I asked a question about stereochemistry http://wwmm.ch.cam.ac.uk/blogs/murrayrust/?p=2643 and owe the community an answer. The answer is my answer. It may or may not be “right”. I don’t like the word “right” in science. But I hope it’s acceptable to those who think about the problem. I showed two pictures

And asked what the relationship of these molecules was. The “right” answer was to be that it was impossible to tell as there is a stereocentre in the middle of the molecule that is undefined. But it was suggested that because the two molecules were drawn in the same way then we might (not “should” but “could”) assume that the stereocentre was consistent. In which case we could say that although we didn’t know what the molecules actually were we could say they were geometrical isomers, not enantiomers.

If I had drawn all the centres explicitly

Then we could say “definitely” that the two were geometrical isomers (cis/trans, configuration, … I am using http://en.wikipedia.org/wiki/Cis%E2%80%93trans_isomerism terminology).

There’s an assumption that conformation doesn’t play a role – that the cyclobutane ring flips rapidly enough to “average” the structure. Here’s Wikipedia’s example of cyclohexanes:

*Alicyclic compounds** can also display cis-trans isomerism. As an example of a geometric isomer due to a ring structure, consider 1,2-dichlorocyclohexane:
*

Note that the cis- compound as drawn can have enantiomers. What we all “know” is that at room temperature they intercovert so that the molecule is not optically active. But if we cool it down or look at a very short time scale then it would, indeed have enantiomers. So we have to be very careful in how we phrase the questions because people make assumptions. And my assumption is often not your assumption.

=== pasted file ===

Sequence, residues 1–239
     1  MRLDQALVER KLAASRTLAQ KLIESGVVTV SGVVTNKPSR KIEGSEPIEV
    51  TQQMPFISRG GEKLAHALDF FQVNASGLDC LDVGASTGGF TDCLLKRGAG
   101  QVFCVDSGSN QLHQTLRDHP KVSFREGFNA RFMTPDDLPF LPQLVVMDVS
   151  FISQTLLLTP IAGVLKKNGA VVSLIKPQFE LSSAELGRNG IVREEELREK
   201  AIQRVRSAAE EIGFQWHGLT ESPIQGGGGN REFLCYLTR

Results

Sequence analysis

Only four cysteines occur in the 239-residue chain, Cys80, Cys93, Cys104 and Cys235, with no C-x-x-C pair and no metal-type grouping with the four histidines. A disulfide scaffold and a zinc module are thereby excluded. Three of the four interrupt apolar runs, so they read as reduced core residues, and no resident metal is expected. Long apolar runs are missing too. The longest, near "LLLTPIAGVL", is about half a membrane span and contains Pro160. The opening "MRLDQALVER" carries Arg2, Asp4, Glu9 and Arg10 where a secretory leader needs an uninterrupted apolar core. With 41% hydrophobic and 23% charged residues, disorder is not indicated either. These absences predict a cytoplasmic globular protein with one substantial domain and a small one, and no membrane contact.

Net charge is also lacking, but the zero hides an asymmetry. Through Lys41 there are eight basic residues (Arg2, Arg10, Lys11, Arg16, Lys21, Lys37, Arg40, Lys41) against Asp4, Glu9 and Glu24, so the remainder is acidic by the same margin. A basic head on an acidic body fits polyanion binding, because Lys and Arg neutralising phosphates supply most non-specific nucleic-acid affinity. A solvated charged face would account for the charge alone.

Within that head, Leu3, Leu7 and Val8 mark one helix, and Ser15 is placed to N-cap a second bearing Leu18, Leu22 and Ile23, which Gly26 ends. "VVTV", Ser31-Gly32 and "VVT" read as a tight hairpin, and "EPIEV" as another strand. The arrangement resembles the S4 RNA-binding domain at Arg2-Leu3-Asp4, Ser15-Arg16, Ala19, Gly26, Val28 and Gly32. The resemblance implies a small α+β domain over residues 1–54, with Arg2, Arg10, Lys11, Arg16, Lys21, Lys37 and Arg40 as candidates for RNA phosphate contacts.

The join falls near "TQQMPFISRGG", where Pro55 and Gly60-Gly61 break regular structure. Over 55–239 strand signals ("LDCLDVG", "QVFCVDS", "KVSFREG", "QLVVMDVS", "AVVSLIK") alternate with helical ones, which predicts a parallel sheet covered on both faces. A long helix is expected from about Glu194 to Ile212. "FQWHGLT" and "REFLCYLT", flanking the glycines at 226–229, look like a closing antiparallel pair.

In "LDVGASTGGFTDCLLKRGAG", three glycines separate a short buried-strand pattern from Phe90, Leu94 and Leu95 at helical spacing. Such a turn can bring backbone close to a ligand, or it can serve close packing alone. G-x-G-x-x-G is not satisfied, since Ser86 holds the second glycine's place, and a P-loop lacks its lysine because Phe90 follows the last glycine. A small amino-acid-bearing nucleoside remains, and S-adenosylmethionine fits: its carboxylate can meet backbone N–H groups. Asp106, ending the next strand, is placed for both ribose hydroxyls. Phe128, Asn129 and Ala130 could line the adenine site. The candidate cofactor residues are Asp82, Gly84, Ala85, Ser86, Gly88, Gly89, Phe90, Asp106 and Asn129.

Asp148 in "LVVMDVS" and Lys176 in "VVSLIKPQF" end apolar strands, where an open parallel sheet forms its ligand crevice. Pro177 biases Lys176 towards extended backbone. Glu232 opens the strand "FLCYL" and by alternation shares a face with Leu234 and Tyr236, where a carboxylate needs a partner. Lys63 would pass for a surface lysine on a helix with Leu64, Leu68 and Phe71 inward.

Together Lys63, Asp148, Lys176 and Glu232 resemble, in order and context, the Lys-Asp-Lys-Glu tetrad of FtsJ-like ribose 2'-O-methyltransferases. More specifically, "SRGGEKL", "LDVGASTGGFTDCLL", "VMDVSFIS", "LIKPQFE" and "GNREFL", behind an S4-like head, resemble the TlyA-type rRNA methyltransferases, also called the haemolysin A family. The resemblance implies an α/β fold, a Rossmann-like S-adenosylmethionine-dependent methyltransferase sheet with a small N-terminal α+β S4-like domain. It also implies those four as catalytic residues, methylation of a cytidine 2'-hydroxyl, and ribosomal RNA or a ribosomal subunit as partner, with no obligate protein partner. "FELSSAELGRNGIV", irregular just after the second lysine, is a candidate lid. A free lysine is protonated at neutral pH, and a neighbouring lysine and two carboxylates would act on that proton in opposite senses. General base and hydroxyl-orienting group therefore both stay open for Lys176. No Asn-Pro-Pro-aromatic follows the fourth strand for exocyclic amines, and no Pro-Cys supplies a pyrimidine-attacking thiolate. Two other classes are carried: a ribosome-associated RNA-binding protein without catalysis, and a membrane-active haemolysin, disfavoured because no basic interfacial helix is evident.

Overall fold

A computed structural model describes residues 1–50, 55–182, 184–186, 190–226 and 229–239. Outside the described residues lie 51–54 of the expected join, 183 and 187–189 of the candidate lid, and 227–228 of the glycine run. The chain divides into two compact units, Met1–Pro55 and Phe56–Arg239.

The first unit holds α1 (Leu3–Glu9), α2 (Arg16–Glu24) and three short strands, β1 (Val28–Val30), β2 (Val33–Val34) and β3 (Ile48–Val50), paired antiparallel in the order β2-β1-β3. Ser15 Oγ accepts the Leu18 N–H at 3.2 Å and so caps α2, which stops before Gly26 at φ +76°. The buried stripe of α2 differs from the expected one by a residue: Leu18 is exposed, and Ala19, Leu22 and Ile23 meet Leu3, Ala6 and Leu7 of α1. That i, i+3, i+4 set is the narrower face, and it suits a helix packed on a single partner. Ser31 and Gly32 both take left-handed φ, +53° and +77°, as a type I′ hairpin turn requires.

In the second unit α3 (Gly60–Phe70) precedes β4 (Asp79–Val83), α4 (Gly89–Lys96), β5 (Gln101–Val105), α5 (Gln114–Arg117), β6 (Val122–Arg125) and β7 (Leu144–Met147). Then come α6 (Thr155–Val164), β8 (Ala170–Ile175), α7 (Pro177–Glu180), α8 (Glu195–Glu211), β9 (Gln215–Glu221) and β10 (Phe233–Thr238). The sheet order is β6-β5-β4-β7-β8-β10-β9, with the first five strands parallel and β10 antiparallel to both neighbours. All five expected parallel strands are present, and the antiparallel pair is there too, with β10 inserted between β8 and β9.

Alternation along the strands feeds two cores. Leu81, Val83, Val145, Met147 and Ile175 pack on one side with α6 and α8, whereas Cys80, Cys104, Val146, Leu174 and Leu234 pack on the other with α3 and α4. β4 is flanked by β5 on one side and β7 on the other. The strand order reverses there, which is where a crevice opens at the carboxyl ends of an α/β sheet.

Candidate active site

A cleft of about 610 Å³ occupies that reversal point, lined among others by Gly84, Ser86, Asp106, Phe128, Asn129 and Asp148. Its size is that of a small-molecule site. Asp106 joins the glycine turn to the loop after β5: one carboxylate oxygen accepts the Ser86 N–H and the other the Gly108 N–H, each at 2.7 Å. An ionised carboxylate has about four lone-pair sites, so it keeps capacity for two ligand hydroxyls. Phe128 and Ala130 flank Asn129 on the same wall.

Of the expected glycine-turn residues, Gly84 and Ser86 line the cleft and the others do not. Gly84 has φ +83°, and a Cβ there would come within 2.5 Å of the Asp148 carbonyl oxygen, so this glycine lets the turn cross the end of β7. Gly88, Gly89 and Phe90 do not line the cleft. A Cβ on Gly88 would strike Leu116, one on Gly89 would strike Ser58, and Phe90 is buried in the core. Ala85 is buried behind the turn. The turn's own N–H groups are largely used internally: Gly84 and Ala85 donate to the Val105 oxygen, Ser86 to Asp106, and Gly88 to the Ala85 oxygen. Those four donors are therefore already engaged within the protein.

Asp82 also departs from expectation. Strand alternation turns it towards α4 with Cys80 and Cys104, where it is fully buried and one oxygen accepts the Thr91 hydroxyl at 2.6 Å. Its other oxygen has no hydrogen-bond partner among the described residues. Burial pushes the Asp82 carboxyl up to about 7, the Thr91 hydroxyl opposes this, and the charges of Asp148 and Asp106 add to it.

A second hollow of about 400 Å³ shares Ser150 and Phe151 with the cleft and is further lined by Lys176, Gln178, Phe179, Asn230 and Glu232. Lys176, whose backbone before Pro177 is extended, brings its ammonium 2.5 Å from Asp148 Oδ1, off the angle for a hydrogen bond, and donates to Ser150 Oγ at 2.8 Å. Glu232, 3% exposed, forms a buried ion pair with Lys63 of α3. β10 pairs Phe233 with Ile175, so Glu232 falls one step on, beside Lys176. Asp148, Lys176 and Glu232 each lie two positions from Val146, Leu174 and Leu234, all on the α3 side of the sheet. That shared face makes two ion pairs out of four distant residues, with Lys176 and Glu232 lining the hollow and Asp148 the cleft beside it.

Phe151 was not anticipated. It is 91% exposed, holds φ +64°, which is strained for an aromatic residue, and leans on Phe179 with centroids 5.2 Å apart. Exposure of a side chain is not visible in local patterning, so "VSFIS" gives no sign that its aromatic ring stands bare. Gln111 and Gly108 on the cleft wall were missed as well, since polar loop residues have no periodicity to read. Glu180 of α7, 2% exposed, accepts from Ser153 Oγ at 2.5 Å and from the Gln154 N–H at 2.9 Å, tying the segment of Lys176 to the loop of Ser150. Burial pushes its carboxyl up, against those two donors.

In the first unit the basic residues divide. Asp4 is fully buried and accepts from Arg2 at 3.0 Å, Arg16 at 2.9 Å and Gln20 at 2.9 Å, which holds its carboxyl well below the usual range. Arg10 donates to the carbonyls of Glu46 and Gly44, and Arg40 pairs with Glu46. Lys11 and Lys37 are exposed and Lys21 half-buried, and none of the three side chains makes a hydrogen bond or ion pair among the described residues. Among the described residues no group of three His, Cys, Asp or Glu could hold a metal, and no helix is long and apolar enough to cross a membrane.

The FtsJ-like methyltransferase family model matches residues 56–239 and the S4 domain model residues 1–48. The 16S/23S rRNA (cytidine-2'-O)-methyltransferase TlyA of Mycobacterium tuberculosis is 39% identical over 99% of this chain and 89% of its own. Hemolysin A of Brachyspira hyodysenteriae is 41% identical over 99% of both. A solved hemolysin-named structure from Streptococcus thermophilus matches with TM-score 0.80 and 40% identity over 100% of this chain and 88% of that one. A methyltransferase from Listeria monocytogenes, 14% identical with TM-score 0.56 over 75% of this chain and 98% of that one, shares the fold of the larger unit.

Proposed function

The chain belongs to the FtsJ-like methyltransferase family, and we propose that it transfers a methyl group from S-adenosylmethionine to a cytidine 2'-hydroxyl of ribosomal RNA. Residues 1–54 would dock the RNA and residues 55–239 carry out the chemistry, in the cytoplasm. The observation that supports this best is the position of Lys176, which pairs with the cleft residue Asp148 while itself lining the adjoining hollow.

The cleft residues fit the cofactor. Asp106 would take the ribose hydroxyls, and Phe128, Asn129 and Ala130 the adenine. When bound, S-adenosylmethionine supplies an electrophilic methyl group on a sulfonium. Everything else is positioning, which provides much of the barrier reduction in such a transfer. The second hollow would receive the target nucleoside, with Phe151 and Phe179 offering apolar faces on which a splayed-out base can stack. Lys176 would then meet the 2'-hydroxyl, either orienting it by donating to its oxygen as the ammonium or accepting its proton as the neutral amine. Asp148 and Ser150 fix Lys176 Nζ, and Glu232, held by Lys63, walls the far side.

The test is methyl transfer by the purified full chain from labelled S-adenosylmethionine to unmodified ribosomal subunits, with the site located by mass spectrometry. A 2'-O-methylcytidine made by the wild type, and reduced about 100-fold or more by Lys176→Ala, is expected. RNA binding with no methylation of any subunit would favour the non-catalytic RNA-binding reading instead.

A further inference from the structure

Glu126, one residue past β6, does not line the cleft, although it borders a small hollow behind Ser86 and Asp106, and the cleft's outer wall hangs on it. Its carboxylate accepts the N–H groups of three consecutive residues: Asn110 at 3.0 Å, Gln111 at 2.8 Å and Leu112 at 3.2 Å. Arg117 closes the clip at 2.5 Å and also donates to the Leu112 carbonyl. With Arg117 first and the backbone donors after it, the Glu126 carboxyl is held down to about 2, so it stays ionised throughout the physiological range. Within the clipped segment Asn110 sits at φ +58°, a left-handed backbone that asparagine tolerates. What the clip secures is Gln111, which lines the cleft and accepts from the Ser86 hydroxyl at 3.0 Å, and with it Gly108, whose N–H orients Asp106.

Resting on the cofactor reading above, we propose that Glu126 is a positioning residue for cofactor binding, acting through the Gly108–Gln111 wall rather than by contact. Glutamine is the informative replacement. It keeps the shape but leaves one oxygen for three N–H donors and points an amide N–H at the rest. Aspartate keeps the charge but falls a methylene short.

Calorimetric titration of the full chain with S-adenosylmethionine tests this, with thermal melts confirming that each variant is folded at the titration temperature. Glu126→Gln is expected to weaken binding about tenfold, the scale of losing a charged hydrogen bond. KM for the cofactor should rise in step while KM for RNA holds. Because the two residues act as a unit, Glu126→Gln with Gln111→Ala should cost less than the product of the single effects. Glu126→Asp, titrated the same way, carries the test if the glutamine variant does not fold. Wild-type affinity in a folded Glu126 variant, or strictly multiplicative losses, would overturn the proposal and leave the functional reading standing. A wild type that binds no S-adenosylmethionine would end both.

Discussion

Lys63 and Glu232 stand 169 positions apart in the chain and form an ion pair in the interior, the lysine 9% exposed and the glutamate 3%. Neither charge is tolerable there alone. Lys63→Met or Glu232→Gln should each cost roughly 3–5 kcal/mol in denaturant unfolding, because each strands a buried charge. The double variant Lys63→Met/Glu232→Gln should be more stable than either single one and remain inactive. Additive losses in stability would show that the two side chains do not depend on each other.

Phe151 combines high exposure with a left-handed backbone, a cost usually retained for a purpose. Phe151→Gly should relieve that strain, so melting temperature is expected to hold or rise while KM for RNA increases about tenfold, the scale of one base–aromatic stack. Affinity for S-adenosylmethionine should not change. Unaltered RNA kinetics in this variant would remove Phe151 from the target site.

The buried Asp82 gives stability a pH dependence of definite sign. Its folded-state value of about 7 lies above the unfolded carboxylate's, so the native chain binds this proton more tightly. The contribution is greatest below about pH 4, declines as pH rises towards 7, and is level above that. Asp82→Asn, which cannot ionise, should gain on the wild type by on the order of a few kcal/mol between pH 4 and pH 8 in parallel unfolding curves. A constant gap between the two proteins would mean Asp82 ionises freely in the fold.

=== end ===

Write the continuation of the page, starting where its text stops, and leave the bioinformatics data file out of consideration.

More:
==== Next divertissement ====

I am now writing parsers for compchem log files. This engages some of the pleasure/hate centres of my brain in the same way as Sudoku does – and it’s slightly more productive. Here’s a typical bit of a log file. It doesn’t matter what the numbers are or what they mean

**…. . . . omitted . . .
**

** 28 H 2.700772 3.229400 5.731856 4.467482 7.448261
**

** 29 H 1.099958 2.072781 5.129949 3.144928 5.344895
**

** 30 H 1.920507 0.965845 5.216951 4.614282 6.231286
**

** 21 22 23 24 25
**

** 21 H 0.000000
**

** 22 H 1.777203 0.000000
**

** 23 H 5.002806 5.524624 0.000000
**

** 24 H 6.096661 6.315358 1.774278 0.000000
**

** 25 H 7.214158 8.252435 4.711394 4.561542 0.000000
**

** 26 H 8.228138 9.136704 6.730950 6.277461 2.501917
**

** 27 H 7.915186 8.417597 7.182659 6.464504 4.302447
**

** 28 H 6.508693 6.586577 5.931001 5.094904 4.950885
**

** 29 H 4.817286 4.590808 4.296008 3.705276 5.455187
**

** 30 H 6.292404 5.863642 3.978192 2.711028 6.081788
**

** . . .Snipped.. .
**

**Question: (a) what would be the next line – precisely – and (b) what would the line after that start with?
**

*And how would you write a parser for it*

Looks to me like this is a distance matrix, so the next line would be

26 27 28 29 30

and the line following that would be

26 H X.XXXXXX

But this could be a hessian matrix too – or really any (symmetric) matrix NxN, where N=number of atoms.

Well done. How might you tell between a distance matrix and a Hessian?

The hessian might have negative values – the distance matrix would never have negative values. The hessian might have quite a few values that were near zero – the distance matrix would never have near zero values.

Excellent reasoning.

And do the diagonal values tell you anything?

Well, that’s perhaps THE way to distinguished the distance matrix from the Hessian matrix. The diagonal elements of the distance matrix are all zero; in fact one typically does not even print out the diagonal elements for this reason. The Hessian diagonal elements are likely non-zero. If the Hessian is diagonalized, then the diagonal elements are the force constants – 6 will be essentially zero, the rest are all positive if you have a local energy minimum, one will be negative if you have a TS, etc.